The nation’s first “transgender” Baptist preacher spoke to a national Baptist gathering on April 8, explaining that the doctor who delivered him as a baby was wrong in declaring him a boy, and that it was an “angel of reason” that caused him to accept his inclinations to identify as a woman. Daniel Robinson, who goes by the name Allyson Robinson, had been studying to be a pastor at Baylor University’s George W. Truett Theological Seminary in 2005 when he began to wrestle with his gender identity as never before.
He had struggled with his desire to be a man since childhood. “I have known my entire life that the world was wrong about me, that on the day I was born, when the doctor took a cursory glance between my legs and authoritatively declared ‘It’s a boy,’ he was wrong—dead wrong,” Robinson told the Alliance of Baptists in St. Louis this month. READ MORE

Appeals court rules that teenagers have a right to use opposite sex’s showers, locker rooms 

The U.S. Fourth Circuit Court of Appeals has decided a teenage girl has an inalienable right to use the boys' showers, locker rooms, and restrooms at her high school.

The American Civil Liberties Union brought suit against Gloucester High School in Virginia on behalf of Caitlyn Hope Grimm, a girl suffering from gender identity disorder. Grimm, who now goes by Gavin, asserts that she has the right to use the boys' bathrooms and facilities.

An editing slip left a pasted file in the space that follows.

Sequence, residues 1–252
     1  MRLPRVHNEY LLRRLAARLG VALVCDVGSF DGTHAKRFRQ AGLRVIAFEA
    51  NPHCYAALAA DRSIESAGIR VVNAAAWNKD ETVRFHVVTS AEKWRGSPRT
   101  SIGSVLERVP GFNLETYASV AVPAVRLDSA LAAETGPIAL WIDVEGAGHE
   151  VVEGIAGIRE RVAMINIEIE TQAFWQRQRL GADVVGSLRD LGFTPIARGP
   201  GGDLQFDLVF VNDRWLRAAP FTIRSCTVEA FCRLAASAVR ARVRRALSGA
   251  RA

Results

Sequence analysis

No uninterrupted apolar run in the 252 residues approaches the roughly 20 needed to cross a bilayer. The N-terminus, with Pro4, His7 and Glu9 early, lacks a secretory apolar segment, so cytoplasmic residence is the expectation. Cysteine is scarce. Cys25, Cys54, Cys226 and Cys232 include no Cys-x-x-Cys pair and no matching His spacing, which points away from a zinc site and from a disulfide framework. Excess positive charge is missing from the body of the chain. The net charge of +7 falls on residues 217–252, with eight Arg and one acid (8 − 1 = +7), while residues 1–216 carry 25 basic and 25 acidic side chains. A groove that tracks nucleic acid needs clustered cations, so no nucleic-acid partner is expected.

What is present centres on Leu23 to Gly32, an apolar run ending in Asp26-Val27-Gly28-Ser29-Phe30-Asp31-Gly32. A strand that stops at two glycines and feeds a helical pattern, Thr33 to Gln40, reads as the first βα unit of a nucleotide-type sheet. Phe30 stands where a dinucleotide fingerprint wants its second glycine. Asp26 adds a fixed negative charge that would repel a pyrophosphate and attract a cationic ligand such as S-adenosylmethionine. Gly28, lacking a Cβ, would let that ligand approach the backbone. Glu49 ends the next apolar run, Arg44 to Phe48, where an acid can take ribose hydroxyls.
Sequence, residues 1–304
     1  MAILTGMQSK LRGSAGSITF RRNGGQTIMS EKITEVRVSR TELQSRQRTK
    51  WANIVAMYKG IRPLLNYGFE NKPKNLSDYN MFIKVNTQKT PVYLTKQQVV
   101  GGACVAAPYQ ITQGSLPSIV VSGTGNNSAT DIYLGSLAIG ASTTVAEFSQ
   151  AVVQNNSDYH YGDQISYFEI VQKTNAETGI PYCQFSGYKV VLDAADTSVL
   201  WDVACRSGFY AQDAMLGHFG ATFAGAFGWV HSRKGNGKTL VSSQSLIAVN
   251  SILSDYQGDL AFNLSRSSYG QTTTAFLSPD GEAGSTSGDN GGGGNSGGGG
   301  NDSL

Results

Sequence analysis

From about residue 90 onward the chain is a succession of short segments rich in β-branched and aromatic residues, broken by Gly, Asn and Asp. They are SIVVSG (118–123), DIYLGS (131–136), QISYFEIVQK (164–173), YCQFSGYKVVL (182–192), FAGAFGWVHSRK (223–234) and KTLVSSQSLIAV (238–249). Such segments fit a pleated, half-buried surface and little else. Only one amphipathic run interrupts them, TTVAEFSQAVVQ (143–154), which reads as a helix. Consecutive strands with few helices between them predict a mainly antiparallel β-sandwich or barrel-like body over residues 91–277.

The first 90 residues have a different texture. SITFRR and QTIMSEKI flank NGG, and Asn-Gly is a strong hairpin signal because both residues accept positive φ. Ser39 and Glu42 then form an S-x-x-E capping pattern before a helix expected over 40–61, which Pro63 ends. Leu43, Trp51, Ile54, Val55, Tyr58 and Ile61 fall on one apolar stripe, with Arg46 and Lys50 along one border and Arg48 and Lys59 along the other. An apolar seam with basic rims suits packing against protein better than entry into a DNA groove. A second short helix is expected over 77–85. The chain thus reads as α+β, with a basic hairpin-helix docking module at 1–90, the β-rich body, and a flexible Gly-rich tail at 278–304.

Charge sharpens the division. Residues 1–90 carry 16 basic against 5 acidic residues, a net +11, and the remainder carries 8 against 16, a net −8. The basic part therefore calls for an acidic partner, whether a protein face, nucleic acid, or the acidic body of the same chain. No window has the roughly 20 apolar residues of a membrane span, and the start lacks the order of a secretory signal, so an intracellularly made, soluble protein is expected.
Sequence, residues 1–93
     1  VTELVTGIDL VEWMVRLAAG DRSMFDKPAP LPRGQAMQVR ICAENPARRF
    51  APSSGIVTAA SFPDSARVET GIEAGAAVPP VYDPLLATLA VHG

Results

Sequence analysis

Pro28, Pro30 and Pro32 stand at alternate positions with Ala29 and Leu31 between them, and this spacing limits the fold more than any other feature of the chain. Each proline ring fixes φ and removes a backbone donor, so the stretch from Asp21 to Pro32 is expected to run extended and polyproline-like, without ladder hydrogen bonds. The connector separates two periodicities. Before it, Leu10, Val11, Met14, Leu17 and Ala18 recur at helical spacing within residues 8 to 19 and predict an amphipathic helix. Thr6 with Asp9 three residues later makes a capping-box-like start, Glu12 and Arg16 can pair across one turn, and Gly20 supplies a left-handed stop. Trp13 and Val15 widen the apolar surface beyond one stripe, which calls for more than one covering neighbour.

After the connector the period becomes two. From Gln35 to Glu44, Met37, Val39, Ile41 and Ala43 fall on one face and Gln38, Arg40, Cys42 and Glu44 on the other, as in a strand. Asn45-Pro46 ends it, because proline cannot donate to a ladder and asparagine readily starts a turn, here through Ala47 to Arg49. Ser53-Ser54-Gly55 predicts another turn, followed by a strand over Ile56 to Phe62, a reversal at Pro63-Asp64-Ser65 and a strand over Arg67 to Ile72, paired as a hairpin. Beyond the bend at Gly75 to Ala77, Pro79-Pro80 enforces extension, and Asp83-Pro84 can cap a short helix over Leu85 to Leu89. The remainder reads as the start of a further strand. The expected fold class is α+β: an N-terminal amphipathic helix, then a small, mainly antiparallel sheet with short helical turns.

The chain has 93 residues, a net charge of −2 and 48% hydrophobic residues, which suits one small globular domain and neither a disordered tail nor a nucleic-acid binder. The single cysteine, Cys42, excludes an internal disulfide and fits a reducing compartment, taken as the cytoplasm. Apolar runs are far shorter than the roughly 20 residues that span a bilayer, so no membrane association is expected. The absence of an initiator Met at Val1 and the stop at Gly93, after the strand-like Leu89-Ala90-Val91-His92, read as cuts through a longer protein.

The ruling, which refers to Grimm as as a male, reverses U.S. District Court Judge Robert George Doumar's order disallowing Caitlyn to use the same facilities as teenage boys.
The federal appeals court granted a preliminary injunction against the school's policy of restricting high school facilities to members of the same sex but setting up other facilities for transgender students.  The school policy is now suspended until the case is decided in district court, where the case has been remanded.
The Obama Department of Justice intervened in the case, filing a "statement of interest" in support of gender-confused teens using opposite sex bathrooms and showers.
In 2014, the Obama Administration declared that Title IX law, which include anti-discrimination conditions for federal tax dollars, applies to transgender individuals, although the law does not cover them.  Obama's Department of Education, in turn, ordered all public schools to allow students to use the facilities based on their gender identity, rather than their biological sex.
The Fourth Circuit ruled that Judge Doumar “did not accord appropriate deference to the relevant Department of Education regulations.”
The Alliance Defending Freedom (ADF), which filed an amicus brief in the case, criticized the Fourth Circuit ruling, saying it “prevent[s] a Virginia school district from enforcing its policy that protects students’ privacy and safety by reserving restrooms and changing areas for members of the same biological sex, while providing an alternative private facility for students uncomfortable using a facility that corresponds with their biological sex.”
ADF Legal Counsel Matt Sharp said, "Protecting students' privacy while using the restroom, showers, or locker rooms and not forcing them to share intimate settings with members of the opposite sex is not only legal, it's an important duty of officials who watch over our children."
"Federal courts across the country, including the 4th Circuit, have consistently upheld this constitutional right of privacy," Sharp noted.  "That's why it was so disappointing to see the 4th Circuit refuse to recognize the multitude of ways that its ruling would cause violations of that right."